Sad news came early on Thursday, 18 March 2021, with the death, at age 90, of visionary Indonesian hotelier and tourism pioneer Stanley J. Allison in Bali.
Of Scottish descent and receiving his tertiary education at the University of St. Andrews, Allison underwent management training with the Trust House Forte Group. The early years of his career included assignments in Nigeria as the director of 4 hotels, Uganda as the director of 9 hotels, Ghana as the director of 2 hotels, Sierre Leone as the director of 2 hotels, Nigeria as the director of 4 hotels, and as a hotelier in Singapore before joining the Hotel Pardede Group in 1972 where he opened and managed the Hotel Danau Toba in Medan, North Sumatra.
By 1974, Allison had shifted from North Sumatra to Bali, where he joined Aerowisata – the tourism division of national flag carrier Garuda Indonesia’s, to open the Sanur Beach Hotel in December of that year. This was a period when Bali tourism was still very much in its infancy. The Grand Bali Beach had opened in 1966, and the Bali Hyatt in Sanur opened in November 1973 just in time to help host the 23rd Annual PATA Conference that was held in Jakarta and Bali in January 1974.
Stanley Allison was a walking compendium of remarkable stories that chronicled the colorful history of Bali tourism. We still fondly recall an evening when Stanley regaled his dinner guests with a story of how, on 29 July 1974, his greenhorn team opening the Sanur Beach Hotel suddenly realized they had an insufficient supply of dinner plates for a grand opening dinner to be held that very night. Displaying his signature aplomb and ingenuity in equal measure, Stanley sent senior managers in hotel cars to search for suitable plates to place before VIP guests, including at least one Indonesian Minister of State.
High-quality crockery and tableware were not readily sold in Bali at the time. The Sanur Beach staff returned to sadly report no “quality” dinner plates could be found to set before the hotel’s inaugural guests, except perhaps for a large number of blueish-gray “Kitchen Ming Plates” available for something less than one US dollar per plate. Mass-produced 4 to 5 centuries earlier, the distinctive “Kitchen Ming” at the time of manufacture were hastily hand-painted by young girls and then stacked in ceramic firing ovens. The defining distinctive unglazed circles on each plate’s bottom results from being stacked one-upon-the-other during the firing process. Mass-produced for only a single-use at a Chinese funeral, the plates were typically buried after the funeral. In more modern times coinciding with the Aerowisata Sanur Beach opening, plates are being dug up by enterprising entrepreneurs and sold at bargain prices.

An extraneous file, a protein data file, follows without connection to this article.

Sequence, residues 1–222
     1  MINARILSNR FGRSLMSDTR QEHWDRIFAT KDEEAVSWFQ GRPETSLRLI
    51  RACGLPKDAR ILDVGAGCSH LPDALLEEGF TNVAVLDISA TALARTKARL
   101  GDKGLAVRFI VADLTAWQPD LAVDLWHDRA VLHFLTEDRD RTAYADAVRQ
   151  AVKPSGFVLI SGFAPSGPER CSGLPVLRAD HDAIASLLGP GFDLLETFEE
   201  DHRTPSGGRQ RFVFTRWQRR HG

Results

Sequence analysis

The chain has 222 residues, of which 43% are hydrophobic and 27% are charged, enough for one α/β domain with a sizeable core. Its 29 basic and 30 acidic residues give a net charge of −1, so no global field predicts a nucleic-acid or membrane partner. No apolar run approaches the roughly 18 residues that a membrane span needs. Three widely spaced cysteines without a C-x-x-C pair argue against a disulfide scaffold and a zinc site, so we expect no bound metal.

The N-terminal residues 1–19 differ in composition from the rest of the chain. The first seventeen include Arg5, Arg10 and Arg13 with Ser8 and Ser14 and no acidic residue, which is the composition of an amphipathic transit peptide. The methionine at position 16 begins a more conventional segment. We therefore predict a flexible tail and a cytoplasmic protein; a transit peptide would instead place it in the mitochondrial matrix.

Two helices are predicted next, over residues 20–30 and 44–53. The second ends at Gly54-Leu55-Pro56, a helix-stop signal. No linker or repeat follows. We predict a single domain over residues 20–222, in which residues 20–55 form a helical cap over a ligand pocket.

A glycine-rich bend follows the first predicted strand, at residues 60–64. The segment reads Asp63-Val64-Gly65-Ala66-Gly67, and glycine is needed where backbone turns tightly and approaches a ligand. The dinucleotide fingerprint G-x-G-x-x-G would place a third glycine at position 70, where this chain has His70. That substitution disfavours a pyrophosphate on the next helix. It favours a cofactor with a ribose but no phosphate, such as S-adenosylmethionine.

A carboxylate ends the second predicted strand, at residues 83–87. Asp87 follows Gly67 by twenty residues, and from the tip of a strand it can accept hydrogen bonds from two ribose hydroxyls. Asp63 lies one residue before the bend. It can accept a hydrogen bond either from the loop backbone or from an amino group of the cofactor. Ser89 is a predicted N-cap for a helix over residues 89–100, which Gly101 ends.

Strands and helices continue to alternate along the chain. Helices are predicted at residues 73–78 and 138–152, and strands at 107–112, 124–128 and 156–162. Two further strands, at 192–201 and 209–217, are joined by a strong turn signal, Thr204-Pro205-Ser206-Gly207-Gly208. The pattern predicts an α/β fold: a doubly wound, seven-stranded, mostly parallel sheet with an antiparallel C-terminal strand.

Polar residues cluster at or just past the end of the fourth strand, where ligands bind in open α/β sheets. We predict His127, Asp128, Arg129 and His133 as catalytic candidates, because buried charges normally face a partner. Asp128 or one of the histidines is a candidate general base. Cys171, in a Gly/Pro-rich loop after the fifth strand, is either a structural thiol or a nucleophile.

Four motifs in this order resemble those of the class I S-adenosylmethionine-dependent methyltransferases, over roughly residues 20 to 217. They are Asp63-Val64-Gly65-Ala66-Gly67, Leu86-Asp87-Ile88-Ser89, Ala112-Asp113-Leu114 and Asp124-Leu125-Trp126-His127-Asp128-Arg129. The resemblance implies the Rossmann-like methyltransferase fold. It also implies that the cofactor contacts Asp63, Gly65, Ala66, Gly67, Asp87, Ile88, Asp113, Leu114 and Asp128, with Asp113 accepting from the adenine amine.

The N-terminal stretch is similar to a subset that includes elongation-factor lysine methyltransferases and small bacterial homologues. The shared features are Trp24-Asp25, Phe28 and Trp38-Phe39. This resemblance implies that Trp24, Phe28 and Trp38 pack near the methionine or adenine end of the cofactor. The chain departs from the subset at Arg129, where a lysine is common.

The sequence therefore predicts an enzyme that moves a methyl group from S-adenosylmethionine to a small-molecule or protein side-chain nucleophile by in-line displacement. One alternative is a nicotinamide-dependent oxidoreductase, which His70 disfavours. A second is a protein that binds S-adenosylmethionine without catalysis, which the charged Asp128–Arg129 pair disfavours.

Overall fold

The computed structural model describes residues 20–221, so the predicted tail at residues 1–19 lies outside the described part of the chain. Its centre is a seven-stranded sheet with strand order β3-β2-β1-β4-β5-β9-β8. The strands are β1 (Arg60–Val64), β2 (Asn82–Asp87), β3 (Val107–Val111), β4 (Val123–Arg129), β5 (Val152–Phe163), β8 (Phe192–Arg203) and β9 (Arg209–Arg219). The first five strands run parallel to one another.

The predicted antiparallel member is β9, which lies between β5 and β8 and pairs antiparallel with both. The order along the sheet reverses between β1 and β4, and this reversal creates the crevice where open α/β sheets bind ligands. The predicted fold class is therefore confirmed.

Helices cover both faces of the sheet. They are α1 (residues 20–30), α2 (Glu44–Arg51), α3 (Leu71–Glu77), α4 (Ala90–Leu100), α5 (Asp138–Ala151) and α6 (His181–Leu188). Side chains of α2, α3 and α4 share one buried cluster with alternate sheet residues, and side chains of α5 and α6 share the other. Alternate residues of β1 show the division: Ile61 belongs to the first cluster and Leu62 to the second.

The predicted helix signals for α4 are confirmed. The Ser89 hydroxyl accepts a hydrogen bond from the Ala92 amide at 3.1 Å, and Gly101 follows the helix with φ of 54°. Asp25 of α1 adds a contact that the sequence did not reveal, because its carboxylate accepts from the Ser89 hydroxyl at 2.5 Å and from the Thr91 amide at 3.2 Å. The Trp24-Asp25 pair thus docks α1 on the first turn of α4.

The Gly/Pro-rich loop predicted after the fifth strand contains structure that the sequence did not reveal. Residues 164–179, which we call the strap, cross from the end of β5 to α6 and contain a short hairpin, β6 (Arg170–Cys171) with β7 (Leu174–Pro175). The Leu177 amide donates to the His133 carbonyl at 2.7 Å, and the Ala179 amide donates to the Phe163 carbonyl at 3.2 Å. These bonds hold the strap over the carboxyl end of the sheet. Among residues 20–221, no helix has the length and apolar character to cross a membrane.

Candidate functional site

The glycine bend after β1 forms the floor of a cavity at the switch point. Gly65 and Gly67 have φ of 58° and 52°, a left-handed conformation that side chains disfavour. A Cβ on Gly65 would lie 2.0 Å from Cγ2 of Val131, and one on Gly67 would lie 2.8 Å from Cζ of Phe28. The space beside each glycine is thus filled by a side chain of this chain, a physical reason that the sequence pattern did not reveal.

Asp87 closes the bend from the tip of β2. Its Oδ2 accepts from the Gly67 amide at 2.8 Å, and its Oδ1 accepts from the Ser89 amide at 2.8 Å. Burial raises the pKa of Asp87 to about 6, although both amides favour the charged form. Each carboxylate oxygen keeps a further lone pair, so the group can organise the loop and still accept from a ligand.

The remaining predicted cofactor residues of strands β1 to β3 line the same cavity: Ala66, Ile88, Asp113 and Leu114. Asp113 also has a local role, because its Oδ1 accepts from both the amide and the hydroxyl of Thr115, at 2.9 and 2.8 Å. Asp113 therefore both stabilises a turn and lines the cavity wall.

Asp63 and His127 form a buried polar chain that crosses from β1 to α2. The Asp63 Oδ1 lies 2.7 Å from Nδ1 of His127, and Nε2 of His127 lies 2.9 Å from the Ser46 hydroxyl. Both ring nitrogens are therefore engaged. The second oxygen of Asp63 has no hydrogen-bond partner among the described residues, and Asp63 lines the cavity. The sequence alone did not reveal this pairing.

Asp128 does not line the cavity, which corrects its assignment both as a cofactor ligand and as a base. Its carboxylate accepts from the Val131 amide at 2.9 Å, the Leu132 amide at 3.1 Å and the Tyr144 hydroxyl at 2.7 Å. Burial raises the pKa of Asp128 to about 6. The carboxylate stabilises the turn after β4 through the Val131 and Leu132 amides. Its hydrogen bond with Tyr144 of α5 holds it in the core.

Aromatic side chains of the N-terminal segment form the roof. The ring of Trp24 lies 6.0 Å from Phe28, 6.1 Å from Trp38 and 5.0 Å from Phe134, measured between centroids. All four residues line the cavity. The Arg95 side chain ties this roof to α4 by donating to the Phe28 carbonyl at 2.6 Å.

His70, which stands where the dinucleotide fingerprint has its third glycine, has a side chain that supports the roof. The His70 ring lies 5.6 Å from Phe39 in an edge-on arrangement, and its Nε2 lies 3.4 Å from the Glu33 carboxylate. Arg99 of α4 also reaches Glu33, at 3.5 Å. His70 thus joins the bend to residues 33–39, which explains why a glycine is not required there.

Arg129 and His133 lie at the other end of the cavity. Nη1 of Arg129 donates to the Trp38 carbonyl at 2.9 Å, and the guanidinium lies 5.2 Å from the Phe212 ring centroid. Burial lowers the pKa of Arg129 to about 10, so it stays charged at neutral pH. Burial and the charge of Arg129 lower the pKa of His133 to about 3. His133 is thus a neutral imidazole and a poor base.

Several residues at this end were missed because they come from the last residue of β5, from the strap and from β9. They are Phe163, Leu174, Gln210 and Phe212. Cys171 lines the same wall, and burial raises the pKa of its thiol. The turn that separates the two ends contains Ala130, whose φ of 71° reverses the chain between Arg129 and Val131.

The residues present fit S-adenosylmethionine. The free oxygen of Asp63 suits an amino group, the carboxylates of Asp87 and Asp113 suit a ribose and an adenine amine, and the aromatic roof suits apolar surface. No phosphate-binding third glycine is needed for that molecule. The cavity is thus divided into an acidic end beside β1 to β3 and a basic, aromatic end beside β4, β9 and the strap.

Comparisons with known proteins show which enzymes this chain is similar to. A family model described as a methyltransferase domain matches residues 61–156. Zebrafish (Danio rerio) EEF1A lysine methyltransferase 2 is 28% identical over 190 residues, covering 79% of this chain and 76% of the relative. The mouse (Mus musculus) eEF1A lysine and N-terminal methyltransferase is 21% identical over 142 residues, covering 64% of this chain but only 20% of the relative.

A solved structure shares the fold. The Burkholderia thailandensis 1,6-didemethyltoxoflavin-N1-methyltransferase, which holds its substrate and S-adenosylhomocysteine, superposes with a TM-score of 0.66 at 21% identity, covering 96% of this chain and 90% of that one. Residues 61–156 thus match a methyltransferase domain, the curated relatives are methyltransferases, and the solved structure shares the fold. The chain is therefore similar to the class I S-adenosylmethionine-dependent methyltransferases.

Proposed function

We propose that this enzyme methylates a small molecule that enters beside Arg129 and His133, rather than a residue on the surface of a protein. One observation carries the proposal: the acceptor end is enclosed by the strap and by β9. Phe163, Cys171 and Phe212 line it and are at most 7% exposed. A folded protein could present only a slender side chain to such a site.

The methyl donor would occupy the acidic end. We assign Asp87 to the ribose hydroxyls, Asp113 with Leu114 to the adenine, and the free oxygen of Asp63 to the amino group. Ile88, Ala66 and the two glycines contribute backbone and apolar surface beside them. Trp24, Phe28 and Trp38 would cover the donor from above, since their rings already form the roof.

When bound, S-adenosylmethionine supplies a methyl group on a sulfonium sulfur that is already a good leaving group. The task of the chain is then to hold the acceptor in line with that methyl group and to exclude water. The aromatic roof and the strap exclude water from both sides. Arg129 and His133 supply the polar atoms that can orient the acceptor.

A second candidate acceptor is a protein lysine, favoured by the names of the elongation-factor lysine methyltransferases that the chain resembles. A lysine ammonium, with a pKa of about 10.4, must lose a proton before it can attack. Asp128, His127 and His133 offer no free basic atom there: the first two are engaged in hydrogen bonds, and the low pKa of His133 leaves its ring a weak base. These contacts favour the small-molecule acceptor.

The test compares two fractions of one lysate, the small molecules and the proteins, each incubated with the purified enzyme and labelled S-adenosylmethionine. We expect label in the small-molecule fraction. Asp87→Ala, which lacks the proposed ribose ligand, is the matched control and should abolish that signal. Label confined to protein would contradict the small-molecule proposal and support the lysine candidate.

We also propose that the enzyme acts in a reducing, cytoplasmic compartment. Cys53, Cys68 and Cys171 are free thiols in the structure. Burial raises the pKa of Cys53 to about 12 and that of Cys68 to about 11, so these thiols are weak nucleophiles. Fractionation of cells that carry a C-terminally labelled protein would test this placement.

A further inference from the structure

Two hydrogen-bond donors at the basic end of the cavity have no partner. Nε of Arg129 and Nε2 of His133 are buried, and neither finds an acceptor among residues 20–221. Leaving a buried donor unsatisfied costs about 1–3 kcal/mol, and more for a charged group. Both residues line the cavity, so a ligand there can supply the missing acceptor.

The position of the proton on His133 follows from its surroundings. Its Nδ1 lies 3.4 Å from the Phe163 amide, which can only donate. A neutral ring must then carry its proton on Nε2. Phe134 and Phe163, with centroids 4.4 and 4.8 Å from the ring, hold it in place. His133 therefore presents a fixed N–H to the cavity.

Quick to recognize a creative solution to a pressing problem, Stanley snapped his fingers and sent the team out with stashes of cash to buy all the “Kitchen Ming plates” they could find for use at that evening’s gala dinner.
As Stanly retold the tale, he smiled in recollection at having acquired hundreds of Chinese Ming-era plates at a pittance compared to their current value as antiques.
Such Ingenuity and perseverance were hallmarks of Allison’s career that stretched until his retirement in the late 1990s. During his time with Aerowisata, Allison formed a close personal and professional working relationship with Joop Ave as he rose from Director General of Tourism to eventually become Indonesia’s Minister of Tourism.
Because of that relationship, Allison played a pivotal role in supporting the Nusa Dua Complex development in South Bali, where he established and opened in 1983 the first five-star hotel in the Bali Tourism Development Corporation (BTDC) – The Nusa Dua Beach Hotel.
In acknowledgment of Stanley Allison’s many contributions in developing Indonesian Tourism, Tourism Minister Joop Ave and Indonesian President Suharto presented him with the prestigious Adikarya Wisata Award in 1994.
A private cremation ceremony limited to only family and close friends was held in Bali on Saturday, 20 March 2021.